We first met Ashley while she was watching one of those smarmy television shrinks with her teenage son, Justin. The shrink's advice to a sexually incompatible couple inspired her to reveal far more than Justin wanted to know about her relationship with his father. By conventional standards, Ashley was clearly a rotten mother. She teased and flirted with her son, forgot to track the medications for his mono, offered him pot and advised him to sleep with a lot of girls before settling down. And if one of them were to get pregnant, he was to make sure she had an abortion. "You'll be traumatized for, like, two days," she explained. Ashley's saving grace was the fact that she clearly adored Justin. Yes, the script was clever and original, but it was Angela Reed's light, humorous voice, lithe physicality and emotional openness that made it memorable.
Michael is a hyper-literate writer capable of dismissing the work of Rainer Maria Rilke as "infantile nonsense." But he has nonetheless sold out to become a best-selling novelist. His wife has been diagnosed with a brain tumor. She wants him to read her diaries after her death -- and she wants to read his before she dies. The result is a knot of twisting truth and fiction that neither of them can quite unravel. These are not particularly sympathetic characters -- they're self-involved and sometimes precious -- but they're also urbane and witty. Hutton, an always-convincing actor, gave Michael a rueful, cynical intelligence as well as a seductive vitality.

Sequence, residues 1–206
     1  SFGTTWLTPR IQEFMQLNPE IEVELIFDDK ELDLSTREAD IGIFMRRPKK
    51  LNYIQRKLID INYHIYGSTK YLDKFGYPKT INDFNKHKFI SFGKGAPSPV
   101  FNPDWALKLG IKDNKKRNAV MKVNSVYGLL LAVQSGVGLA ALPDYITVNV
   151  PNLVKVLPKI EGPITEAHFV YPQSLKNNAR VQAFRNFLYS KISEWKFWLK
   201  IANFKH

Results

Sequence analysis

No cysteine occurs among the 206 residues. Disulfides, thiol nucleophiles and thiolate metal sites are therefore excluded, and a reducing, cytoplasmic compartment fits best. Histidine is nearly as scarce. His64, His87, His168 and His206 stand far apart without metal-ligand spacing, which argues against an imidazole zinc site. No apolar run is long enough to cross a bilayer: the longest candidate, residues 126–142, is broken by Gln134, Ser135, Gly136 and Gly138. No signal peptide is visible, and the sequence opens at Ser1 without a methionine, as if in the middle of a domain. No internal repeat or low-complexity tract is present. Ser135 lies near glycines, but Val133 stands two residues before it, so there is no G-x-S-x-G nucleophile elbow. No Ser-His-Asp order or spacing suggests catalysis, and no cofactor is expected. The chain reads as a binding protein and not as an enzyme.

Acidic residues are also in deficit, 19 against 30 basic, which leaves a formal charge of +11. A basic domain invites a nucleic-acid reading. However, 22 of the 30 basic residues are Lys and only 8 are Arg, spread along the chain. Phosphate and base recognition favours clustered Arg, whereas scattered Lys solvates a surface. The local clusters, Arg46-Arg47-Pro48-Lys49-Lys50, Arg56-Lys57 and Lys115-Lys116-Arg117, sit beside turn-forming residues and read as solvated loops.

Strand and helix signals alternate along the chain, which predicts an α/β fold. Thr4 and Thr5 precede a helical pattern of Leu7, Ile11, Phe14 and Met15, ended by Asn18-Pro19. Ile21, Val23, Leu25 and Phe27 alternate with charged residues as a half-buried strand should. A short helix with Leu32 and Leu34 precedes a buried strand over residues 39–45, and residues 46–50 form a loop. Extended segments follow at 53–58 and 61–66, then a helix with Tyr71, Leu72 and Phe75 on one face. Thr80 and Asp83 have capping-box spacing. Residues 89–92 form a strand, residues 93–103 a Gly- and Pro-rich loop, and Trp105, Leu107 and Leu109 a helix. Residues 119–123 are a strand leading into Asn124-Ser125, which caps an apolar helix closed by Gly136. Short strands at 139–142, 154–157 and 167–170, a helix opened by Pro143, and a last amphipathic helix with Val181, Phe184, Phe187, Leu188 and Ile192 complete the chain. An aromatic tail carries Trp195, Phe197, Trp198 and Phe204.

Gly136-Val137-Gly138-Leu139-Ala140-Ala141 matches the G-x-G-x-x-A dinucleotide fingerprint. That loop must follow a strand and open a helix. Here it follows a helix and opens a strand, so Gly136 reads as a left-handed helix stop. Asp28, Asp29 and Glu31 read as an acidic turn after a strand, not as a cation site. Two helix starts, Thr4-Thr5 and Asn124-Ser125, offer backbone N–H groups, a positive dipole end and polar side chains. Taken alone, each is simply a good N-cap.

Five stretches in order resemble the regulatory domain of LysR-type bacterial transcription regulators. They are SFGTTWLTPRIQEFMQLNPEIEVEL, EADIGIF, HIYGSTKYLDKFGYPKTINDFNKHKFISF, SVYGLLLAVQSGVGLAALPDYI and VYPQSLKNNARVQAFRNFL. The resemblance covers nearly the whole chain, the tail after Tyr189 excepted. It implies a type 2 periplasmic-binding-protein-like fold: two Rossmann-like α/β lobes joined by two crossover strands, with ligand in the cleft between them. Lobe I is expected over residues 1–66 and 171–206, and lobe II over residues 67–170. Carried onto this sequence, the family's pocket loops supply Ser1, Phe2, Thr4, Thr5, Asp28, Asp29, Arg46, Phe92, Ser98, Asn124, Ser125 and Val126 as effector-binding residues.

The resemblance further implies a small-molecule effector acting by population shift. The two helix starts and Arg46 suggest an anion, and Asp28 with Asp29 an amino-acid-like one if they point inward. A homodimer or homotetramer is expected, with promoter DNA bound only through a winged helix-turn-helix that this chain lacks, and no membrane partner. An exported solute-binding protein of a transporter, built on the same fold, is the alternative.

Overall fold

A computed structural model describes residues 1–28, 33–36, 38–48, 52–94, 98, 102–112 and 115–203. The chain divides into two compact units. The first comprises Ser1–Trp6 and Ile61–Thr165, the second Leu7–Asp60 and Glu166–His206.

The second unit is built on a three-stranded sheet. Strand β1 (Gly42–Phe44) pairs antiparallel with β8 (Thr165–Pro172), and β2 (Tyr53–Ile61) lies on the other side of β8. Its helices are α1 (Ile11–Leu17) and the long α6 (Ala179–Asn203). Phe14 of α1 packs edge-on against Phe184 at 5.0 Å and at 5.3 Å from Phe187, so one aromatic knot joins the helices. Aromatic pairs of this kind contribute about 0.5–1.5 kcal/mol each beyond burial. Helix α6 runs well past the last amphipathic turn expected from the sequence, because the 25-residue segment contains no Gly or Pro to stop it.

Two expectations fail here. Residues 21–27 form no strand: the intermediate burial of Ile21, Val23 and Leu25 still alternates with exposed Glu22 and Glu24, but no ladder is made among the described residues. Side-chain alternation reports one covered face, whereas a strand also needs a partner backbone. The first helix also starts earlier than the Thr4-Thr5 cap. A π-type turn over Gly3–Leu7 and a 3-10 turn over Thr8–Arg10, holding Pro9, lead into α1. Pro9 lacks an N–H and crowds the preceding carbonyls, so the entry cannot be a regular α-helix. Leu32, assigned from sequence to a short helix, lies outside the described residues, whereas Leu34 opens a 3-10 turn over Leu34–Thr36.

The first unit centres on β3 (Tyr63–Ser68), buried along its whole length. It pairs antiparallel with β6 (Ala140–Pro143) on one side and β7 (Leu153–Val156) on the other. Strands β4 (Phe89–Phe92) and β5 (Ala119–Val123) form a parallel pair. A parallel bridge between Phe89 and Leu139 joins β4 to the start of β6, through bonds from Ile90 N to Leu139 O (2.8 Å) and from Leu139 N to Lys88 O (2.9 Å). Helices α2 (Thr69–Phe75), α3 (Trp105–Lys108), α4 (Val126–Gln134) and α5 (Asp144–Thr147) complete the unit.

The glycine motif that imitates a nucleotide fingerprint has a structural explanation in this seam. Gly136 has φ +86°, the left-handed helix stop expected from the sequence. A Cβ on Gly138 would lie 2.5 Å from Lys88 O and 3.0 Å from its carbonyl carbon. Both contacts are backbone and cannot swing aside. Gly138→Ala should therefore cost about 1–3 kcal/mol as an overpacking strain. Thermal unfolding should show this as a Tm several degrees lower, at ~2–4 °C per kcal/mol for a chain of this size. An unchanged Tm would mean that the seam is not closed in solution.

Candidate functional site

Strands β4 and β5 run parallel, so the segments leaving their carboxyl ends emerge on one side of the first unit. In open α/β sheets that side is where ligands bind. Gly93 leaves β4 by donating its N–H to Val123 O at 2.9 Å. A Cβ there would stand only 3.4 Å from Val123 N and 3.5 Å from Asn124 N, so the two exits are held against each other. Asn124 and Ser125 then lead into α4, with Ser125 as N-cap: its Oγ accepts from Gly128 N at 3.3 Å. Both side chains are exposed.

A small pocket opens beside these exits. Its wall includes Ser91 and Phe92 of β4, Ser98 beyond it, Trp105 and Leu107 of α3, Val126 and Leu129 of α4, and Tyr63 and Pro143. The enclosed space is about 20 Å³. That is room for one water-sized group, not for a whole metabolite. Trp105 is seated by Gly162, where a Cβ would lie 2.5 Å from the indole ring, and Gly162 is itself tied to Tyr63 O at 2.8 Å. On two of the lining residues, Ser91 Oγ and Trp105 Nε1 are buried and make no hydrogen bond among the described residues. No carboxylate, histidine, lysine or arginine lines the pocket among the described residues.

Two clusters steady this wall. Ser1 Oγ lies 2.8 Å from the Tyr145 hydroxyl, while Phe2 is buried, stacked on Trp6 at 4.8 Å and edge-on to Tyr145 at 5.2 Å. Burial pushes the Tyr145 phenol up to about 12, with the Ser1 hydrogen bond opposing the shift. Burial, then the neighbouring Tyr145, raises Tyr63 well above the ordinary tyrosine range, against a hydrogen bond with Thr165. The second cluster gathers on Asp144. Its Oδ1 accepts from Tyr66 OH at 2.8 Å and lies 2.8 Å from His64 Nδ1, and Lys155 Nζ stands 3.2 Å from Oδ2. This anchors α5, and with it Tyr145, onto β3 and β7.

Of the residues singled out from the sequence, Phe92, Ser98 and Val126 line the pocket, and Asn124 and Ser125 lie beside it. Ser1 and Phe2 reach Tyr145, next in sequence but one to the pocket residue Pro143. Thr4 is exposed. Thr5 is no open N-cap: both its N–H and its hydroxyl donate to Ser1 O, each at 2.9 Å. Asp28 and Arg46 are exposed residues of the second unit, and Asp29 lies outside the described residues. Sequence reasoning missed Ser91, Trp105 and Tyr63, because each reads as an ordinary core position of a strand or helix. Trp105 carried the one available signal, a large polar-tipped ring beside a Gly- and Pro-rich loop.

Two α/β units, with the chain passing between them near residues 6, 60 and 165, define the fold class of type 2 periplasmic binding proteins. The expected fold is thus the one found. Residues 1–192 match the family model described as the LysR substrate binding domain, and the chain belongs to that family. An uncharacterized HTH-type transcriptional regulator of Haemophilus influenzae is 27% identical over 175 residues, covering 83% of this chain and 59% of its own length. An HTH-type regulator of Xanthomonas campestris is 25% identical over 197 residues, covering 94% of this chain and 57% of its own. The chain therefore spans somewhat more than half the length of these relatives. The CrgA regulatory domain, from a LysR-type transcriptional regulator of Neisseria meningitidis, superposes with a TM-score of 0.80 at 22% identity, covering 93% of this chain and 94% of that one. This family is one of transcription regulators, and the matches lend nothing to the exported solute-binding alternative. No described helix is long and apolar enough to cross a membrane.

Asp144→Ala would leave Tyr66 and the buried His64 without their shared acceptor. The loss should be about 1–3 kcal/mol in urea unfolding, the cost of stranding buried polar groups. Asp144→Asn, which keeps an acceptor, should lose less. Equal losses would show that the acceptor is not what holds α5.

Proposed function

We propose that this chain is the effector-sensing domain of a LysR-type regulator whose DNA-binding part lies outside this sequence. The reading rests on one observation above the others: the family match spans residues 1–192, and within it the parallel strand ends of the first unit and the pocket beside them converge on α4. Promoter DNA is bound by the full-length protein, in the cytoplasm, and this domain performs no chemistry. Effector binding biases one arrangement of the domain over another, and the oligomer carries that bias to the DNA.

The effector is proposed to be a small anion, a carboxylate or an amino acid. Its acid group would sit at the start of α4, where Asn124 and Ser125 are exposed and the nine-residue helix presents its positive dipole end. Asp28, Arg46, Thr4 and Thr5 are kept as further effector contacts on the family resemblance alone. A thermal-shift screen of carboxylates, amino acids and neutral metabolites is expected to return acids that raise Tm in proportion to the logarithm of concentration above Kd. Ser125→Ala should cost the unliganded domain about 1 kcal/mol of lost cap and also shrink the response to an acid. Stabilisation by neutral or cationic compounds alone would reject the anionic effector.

A strange, disoriented, misogynistic and clearly half-mad, middle-aged man named Kemp shows up at the bedside of his dying auntie, apparently summoned by a letter from her. He then proceeds to take care of her -- that is, prepare meals and rant while she tries to eat them; ask whether she wants to be cremated and if she's thought about donating her organs ("I could do your autopsy if you like. Get to know you a little better"); and suggest that she hurry up and die because he really has better things to do than hang around with her. Who knows what inspired Modern Muse to select this savage, brilliant play by Morris Panych, but they deserve top honors for doing so. In addition, director Billie McBride cast it wonderfully. Kemp was played with lip-smacking relish by Lawrence Hecht, and the almost entirely silent Aunt Grace by a slyly plucky Patty Mintz Figel.